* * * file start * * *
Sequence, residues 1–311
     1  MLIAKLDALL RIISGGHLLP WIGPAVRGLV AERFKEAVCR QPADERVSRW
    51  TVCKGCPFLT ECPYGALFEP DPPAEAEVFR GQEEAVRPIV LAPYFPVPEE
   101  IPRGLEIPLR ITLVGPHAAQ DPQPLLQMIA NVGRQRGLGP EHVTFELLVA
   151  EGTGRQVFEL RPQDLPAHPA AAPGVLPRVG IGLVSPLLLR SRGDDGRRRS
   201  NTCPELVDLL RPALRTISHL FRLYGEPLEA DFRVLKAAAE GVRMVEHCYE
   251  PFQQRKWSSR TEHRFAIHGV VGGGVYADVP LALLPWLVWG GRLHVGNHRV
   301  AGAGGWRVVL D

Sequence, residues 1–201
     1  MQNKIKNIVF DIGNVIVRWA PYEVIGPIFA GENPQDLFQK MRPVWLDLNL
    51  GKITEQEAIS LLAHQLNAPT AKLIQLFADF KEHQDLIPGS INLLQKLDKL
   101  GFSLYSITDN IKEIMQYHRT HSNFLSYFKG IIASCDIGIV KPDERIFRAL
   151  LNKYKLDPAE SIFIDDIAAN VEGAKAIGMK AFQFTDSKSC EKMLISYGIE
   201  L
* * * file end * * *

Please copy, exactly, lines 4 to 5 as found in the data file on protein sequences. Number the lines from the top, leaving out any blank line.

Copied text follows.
   101  IPRGLEIPLR ITLVGPHAAQ DPQPLLQMIA NVGRQRGLGP EHVTFELLVA
   151  EGTGRQVFEL RPQDLPAHPA AAPGVLPRVG IGLVSPLLLR SRGDDGRRRS